This home is in Garmisch.
8th century St Martin’s church, Garmisch.
Beautiful gothic vaulted ceiling.
Passion Cycle mural (circa 1400).
A storefront in Partenkirchen.
Partenkirchen Town Hall.
The following photos are all buildings in Partenkirchen.
We stayed in this hotel our second night. We had the top corner room.
This is the most incredible chocolate store we have ever been in. It is family owned. Of course we sampled and bought some.
This is such a unique auto repair shop called Flo’s, specializing in antique cars and scooters.
This is the front counter of the garage.
This present day disco club was the Nazi Headquarters in Garmisch.
Will cooked a delicious meal for us at their home in Garmisch.
Fresh water trout cooked in parchment paper, boiled white potatoes and lovely garden salad. We added some Indian Dahl that Jim had made.
A toast to the chef.
We returned to the hotel to check in and found out that we had booked the wrong dates of our visit. Fortunately they had one room left for only that night. This was our view from our private balcony.
This was the view the next morning.
Breakfast on the front porch the next morning was amazing. check out the adorable pink ski cap on the hard boiled egg.
There was also table seating on the lawn
Garmisch has an amazing market on Saturday morning.
While waiting for Ruby and Will to arrive Jim took a nap while Sandy browsed the shops. Two of our favorite ways to pass the time.
Today our first adventure with Ruby and Will is to walk to the site of the 1936 Olympic Ski Jumping Stadium which today is famous for the traditional New Years ski jumping competition.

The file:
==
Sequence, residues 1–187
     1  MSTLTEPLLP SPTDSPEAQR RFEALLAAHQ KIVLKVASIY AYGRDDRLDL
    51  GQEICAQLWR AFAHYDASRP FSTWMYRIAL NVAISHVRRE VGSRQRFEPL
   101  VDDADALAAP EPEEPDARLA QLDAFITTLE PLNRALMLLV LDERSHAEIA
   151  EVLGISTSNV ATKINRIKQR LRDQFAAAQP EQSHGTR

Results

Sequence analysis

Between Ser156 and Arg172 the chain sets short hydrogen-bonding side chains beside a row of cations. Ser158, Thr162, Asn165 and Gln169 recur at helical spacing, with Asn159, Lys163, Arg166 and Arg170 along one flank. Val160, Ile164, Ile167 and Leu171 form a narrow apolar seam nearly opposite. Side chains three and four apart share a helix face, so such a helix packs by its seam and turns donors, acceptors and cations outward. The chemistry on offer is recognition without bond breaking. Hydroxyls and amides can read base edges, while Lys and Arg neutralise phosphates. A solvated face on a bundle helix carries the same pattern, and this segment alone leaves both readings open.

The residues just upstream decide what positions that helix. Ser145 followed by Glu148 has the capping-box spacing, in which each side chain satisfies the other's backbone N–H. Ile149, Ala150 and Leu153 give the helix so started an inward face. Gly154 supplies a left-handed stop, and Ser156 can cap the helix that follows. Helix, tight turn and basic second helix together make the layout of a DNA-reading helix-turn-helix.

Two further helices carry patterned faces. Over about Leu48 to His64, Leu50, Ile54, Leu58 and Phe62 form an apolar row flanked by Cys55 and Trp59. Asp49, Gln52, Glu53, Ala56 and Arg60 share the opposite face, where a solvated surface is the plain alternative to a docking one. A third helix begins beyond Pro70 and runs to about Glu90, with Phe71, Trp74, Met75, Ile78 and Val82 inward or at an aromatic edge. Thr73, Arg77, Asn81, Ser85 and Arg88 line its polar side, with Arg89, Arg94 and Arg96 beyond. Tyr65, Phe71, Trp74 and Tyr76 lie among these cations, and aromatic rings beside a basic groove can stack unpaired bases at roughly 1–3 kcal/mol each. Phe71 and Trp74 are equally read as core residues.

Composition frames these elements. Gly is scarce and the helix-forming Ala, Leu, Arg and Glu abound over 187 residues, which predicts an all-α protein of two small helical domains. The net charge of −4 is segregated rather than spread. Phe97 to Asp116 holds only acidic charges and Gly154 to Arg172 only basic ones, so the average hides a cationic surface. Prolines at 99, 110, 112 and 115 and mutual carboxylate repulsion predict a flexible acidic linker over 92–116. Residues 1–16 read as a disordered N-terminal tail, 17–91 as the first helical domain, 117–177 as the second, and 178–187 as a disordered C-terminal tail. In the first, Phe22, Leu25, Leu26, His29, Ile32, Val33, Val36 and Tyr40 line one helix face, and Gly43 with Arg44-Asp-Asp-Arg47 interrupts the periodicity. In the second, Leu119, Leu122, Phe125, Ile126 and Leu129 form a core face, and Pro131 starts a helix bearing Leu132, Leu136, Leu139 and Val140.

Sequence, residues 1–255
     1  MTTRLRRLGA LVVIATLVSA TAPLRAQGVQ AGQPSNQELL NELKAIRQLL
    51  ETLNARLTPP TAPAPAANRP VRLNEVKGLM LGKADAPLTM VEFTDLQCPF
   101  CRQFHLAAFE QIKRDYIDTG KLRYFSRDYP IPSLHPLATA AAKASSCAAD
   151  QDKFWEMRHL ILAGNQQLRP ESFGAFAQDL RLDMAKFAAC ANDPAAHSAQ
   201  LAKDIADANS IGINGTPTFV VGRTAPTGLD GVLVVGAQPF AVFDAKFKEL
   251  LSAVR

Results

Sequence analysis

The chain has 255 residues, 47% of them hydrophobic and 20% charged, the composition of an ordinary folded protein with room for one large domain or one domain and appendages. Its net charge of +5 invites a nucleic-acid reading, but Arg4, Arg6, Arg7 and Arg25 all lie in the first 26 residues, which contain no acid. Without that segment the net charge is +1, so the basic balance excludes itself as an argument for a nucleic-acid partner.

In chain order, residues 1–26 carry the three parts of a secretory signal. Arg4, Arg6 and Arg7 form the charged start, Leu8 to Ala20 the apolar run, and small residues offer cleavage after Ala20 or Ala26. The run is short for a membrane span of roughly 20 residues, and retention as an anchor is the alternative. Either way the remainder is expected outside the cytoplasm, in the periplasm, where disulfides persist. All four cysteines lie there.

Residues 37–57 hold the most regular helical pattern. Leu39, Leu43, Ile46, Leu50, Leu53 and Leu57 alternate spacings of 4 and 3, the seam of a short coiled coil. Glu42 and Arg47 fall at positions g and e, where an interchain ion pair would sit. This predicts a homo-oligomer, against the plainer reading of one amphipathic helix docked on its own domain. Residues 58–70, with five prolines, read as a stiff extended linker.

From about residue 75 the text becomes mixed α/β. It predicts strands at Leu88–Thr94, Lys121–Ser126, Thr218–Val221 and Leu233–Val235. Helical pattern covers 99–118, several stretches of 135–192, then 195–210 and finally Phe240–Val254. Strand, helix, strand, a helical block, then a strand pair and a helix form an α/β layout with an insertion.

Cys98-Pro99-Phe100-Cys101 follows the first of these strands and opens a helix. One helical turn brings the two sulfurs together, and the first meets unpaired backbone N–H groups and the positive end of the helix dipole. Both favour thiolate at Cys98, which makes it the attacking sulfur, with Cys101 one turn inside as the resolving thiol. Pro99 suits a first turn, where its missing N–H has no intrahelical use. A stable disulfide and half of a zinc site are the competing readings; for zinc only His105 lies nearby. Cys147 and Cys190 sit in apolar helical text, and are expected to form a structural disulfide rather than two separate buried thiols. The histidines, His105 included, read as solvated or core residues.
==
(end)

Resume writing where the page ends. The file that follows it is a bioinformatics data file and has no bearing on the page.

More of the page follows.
Above is where the judges and news media sit.
Here Ruby is pointing out on the map the trail we will hike up to the Gorge. It is about a 30 minute walk.
Partnach Gorge (Partnachklamm in Deutsch). was formed several million years ago when meltwater and debris hollowed out the rock leaving a narrow gorge.
The moment you enter the gorge you find yourself surrounded by massive rock faces, loud rushing water and the temperature drops significantly; natural air conditioning.
You hear the water rushing through the gorge beneath you. Wild and boisterous.
One can only imagine the enormous amounts of water that have hollowed out the mountain over the centuries.
This is truly a magical experience in a unique natural setting and yet the engineering feats that have made this not only possible but very safely possible are also marvelous.
In 1912 the gorge was declared a natural landmark, but it hasn’t always been as tame and approachable as it is today.
Once upon a time, visitors trying to walk through the gore risked their lives, nowadays there are two safe trails to chose from.
The wild waterfalls, rapids and tranquil water basins were truly enchanting. We were also told you can visit these gorges in winter when they are frozen.
We did a short but steep hike through the woods after the gorge.